I’m not procrastinating. I’m still trying to figure out why my writing community has no members. It irks me to think how much time and effort a community owner would need to devote on outreach. I see ljers posting in the add_me community claiming to have left lj at one point, no doubt when the invention of social media dominating the blogging community, but returning for multitudes of reasons I'm not going into right now.
What I will say in this shameless plug is this: I use to scour the web for anything and everything related to screenwriting. The two things I've gotten out that is a) most all 'screenwriting' posts everywhere is a version of a another inquiry posted earlier by a different person or AI, and b) the smart screenwriter will always post something as naively as they can force themselves to sound in an effort to obtain feedback and/or ideas from other unsuspecting screenwriter which they they incorporate into their own screenplay.
While my screenwriter friends have every right to be paranoid about posting their scenes/sequences publicly because of theft of intellectual property, this community I'm trying to develop is not about that and only utilizes ideas from contributing members responding to their original post. In other words, when I post a scene in the community, I allow for comments from my readers to critique or bash or contribute helpful ideas towards it.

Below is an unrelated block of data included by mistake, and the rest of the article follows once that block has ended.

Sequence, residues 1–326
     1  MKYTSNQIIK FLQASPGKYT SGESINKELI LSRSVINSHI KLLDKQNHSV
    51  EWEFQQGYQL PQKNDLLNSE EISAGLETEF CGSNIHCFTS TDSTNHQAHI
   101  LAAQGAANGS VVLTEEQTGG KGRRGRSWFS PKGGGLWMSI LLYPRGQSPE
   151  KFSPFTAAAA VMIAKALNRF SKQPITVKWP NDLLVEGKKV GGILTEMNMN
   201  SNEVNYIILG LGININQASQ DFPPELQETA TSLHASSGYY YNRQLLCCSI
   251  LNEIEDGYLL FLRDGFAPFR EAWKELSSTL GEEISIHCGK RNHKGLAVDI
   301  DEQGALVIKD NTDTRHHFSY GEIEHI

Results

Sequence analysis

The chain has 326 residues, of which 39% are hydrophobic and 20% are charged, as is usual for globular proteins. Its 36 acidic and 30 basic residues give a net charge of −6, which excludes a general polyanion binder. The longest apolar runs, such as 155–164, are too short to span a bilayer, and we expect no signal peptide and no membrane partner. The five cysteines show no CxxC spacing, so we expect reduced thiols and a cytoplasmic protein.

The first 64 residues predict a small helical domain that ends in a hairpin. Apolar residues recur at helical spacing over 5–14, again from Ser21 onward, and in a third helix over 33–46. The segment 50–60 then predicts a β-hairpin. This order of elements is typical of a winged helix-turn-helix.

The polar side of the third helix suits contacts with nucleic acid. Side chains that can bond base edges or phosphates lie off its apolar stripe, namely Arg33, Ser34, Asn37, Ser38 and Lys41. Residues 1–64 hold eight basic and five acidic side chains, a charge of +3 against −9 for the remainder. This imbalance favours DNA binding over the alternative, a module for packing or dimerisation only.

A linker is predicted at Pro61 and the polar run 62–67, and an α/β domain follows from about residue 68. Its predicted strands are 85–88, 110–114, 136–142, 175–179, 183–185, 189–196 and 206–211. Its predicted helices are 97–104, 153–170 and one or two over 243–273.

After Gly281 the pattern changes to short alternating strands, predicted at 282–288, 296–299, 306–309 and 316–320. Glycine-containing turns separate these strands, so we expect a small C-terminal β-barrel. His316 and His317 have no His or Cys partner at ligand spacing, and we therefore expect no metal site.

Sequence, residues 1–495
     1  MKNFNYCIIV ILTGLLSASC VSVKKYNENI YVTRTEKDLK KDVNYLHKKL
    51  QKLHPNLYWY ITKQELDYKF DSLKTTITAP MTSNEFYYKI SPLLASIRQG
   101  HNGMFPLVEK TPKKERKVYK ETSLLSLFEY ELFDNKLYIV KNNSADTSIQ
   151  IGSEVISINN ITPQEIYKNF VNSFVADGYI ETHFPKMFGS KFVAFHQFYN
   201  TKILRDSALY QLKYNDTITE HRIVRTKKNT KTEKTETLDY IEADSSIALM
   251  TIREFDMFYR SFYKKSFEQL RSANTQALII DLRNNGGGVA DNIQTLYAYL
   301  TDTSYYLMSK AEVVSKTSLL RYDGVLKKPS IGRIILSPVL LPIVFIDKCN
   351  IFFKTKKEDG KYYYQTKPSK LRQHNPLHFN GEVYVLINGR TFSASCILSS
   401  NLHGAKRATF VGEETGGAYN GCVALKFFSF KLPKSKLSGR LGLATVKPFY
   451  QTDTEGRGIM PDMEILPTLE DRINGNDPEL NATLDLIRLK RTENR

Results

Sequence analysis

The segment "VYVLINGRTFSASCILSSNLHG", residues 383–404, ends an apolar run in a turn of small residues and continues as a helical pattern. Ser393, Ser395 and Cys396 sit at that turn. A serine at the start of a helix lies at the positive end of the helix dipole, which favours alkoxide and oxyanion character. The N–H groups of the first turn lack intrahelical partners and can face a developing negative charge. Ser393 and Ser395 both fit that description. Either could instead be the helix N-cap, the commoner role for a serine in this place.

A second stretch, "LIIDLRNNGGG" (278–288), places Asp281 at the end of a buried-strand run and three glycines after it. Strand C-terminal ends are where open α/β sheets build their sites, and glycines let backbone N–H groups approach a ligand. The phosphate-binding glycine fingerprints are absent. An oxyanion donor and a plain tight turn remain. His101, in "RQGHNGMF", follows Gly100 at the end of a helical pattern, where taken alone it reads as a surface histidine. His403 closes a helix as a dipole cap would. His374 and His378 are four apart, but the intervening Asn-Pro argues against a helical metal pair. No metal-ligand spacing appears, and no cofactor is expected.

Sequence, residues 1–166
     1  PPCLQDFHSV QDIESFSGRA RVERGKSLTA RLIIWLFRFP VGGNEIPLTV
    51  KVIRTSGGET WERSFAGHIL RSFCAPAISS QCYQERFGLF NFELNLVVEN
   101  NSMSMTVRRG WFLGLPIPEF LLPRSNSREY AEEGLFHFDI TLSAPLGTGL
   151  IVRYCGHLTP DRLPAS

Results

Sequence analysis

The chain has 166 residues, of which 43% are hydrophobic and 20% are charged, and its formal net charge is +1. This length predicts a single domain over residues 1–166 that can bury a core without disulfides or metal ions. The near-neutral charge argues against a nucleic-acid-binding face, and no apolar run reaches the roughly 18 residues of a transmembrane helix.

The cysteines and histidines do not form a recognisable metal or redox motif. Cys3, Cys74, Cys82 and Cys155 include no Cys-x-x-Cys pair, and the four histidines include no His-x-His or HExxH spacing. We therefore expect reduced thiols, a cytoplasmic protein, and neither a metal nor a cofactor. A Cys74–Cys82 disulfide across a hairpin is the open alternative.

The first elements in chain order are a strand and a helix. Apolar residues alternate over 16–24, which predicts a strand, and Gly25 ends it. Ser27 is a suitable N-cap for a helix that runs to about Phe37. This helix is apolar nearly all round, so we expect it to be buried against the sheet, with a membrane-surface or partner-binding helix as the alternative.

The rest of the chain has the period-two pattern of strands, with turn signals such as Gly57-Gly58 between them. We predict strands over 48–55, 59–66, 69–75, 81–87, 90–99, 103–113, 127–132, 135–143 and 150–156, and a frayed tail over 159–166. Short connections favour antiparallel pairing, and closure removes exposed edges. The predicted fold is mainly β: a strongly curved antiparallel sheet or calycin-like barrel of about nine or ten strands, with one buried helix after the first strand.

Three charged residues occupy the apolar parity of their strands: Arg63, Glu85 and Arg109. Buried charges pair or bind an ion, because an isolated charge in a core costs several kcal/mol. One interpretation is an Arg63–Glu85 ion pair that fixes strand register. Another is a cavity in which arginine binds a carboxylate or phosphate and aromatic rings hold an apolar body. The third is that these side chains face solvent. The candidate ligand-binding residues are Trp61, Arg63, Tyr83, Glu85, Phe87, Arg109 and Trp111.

Also, I understand what a pain in the neck it is to see a scene I've written in a completed production of a movie which contains no contributing reference to my hard work. That's why I don't do the outreach scene other communities devote their time in just to popularize their blog.
If I had any tips I could relay to other writers that would be beneficial to their career, it would be to ignore the business aspect of selling your screenplay and find a day job that allows for your creativity to flourish. A library, a bookstore, the possibilities are endless. This way, while your support yourself making ends meet, you write whatever pops into your head, not what the production company suggests. When I write, if I want to include a coke bottle in a scene, I could care less whether Coca Cola, inc. refuses to be affiliated in any way with my screenplay. As a matter of fact, I would rather my scenes be filmed from peoples/actors phones using Tick Tock or some other social media blogging utility, and what's more, the less law enforcement officers are connected to my movie, the better.
When you're finally tired of reading all of the how-to websites on screenwriting, or the meetup groups sharing treatments in a classroom setting all for the sake of obtaining constructive opinions, get yourself a livejournal account and add this community so you can share your scenes/sequences or completed screenplays with others from the luxury of your own home/office. It's what I'm going to do!